Therefore we deplore, and pledge ourselves to oppose the adoption by our Church of any measure or measures which would leave our nation defenseless in the midst of its foes, or which would give encouragement to those anti-Christian and anti-social movements and organizations who plot for the downfall of all that the Church of Christ holds sacred.
This expressed determination to oppose any change in the Westminster Confession of Faith, which change would outlaw all wars as un-Christian and sinful, became the first specific project of the reorganized League of Faith to keep the Confession of Faith pure, and began the movement to reform the church from within.
The 1938 General Assembly of the Presbyterian Church in the USA had adopted the report of its special committee recommending that chapter XXIII, part of which reads,
It is lawful for Christians to accept and execute the offices of a magistrate, when called thereunto: in the managing hereof, as they ought especially to maintain piety, justice, and peace, according to the wholesome laws of each commonwealth; so, for that end, they may lawfully now under the New Testament, wage war upon just and necessary occasions,
be changed to read in part,
War wherever it appears, is a manifestation of the power of sin in the world. It defies the righteousness of God, disrupts His worldwide family, and outrages the human personality which Christ Jesus came to redeem. Even when war is waged with sincere purpose to restrain evil, it tends to produce greater evils than those against which it is directed. The Church, which is the body of Christ, set in the world to preach the Gospel of Peace, must ever bear witness to this character of war.
In fact, a revision of the entire chapter was proposed.
In pursuance of the endeavor to resist this change in chapter XXIII of the Confession of Faith, an outstanding article entitled "The Christian Attitude Toward War," by Dr. Loraine Boettner, a layman, appeared in Christianity Today. Dr. Boettner contended that the Bible does not condemn wars which are waged upon just and necessary grounds, and on certain occasions God actually commanded the Israelites to go into battle against the enemy. He included many other arguments against the proposed changes and concluded, "The proposed new amendment is unscriptural and treasonable."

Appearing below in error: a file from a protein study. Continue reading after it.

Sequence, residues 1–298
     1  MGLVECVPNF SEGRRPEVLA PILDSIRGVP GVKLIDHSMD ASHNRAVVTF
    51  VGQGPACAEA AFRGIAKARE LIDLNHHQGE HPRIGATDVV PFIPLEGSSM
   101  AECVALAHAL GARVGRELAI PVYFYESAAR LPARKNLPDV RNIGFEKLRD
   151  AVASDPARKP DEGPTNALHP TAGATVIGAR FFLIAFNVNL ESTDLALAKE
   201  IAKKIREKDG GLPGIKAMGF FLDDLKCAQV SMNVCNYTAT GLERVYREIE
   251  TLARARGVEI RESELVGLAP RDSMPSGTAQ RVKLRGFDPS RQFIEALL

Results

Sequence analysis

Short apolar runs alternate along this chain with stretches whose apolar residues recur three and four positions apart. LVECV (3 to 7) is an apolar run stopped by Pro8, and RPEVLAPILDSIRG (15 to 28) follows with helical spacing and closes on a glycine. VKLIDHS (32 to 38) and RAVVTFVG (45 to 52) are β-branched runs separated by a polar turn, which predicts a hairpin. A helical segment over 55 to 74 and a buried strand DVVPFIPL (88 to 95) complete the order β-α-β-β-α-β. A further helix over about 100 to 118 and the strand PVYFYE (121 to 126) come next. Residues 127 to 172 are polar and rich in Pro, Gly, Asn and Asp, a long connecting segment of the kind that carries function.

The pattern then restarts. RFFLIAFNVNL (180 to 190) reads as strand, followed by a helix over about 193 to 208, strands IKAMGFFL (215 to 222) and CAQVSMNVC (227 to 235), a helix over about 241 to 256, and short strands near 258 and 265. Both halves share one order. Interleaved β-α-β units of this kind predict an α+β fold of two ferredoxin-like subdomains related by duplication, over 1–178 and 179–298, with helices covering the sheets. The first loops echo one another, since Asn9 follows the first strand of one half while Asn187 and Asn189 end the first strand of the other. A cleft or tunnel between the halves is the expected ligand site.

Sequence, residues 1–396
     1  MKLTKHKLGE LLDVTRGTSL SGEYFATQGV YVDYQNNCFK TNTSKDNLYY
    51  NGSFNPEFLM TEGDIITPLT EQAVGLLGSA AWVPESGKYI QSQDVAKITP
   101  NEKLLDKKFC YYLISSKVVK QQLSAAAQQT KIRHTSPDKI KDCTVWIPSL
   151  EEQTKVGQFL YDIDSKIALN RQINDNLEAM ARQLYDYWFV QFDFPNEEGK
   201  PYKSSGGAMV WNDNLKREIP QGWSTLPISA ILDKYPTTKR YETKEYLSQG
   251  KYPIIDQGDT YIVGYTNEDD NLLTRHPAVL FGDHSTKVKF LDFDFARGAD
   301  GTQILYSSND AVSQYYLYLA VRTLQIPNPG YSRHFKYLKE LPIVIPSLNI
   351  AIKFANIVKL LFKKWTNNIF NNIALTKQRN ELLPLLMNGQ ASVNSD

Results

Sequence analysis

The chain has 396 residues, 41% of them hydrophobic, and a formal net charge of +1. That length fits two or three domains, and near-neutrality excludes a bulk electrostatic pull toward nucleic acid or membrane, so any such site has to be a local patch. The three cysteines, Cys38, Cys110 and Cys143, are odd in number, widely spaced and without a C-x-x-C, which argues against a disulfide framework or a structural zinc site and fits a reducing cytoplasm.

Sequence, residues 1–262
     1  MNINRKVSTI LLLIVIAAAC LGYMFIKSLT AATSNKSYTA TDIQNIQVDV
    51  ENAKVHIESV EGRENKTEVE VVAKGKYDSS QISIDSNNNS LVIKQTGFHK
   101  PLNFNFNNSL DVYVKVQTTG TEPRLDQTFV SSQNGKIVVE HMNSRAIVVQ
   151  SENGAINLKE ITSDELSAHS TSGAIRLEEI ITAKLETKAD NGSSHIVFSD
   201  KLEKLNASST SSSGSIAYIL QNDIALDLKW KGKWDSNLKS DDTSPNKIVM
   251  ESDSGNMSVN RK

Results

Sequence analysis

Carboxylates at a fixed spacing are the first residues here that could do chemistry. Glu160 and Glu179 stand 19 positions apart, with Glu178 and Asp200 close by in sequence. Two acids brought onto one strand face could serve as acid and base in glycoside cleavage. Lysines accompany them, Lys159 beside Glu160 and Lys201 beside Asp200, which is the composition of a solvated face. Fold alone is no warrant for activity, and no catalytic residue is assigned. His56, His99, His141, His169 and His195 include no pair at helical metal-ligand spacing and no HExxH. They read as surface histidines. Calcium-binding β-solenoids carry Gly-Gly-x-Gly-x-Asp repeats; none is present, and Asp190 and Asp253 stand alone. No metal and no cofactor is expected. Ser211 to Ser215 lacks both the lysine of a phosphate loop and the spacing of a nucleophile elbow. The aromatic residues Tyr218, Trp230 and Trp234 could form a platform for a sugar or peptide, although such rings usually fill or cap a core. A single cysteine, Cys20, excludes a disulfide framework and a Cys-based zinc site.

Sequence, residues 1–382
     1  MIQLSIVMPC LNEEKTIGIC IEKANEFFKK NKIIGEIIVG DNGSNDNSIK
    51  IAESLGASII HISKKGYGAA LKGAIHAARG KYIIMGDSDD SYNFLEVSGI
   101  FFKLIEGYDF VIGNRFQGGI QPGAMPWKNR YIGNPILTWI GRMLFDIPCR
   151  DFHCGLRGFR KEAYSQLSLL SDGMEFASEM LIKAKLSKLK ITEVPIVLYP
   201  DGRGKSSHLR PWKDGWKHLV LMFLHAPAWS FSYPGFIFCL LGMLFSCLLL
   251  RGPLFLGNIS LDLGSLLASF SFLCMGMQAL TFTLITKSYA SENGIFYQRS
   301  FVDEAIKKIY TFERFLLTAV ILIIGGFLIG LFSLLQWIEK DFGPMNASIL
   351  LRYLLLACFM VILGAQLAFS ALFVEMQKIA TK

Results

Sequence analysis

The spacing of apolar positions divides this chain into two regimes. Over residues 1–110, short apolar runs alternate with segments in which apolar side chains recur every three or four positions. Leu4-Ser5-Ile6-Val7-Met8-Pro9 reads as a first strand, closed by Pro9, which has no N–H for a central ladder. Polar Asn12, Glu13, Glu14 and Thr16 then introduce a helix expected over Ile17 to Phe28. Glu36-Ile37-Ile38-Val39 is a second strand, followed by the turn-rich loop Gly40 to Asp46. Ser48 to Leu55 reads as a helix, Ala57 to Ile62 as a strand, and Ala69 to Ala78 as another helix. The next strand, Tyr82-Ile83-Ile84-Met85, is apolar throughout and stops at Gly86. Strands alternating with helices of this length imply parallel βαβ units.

Members of the Presbyterian League of Faith wrote articles and made speeches against the proposed amendment. But the opponents of the amendment were not confined to the members of the League nor to so-called conservatives. Outstanding modernists like the Rev. John A. MacCallum, D.D., a signer of the Auburn Affirmation, fought so strenuously against the amendment and against pacifism in general that he was asked to resign as editor of The Presbyterian Tribune, whose board of directors were committed to the amendment. The Presbytery of Philadelphia, which is controlled by Auburn Affirmationists, voted against the amendment, while the supposedly conservative Presbytery of Northumberland voted for it.
The amendment failed to receive the required vote of two-thirds of the presbyteries and so was lost, but in no sense of the word can the issue be regarded as a doctrinal one, since modernists and Bible-believers fought on the same side. The Confession of Faith was not altered, but the battle was not in this instance between Christianity and modernism.
Since the reorganization of the League in 1936, only one struggle has been fought, which was an out-and-out conflict between Christianity and modernism. It concerned the election of the Rev. E. G. Homrighausen as professor of religious education at Princeton Seminary, as well as the presence of Dr. Emil Brunner of Zurich, Switzerland, as guest professor at Princeton Theological Seminary. Dr. Homrighausen had been appointed a professor by the board of trustees of Princeton Seminary, but his appointment required the confirmation of the General Assembly of the Presbyterian Church in the USA, since Princeton is under its jurisdiction. Dr. Brunner had accepted the invitation of the board of trustees to occupy the chair of systematic theology made famous by the three HodgesCharles, Archibald Alexander, and Casper Wistar.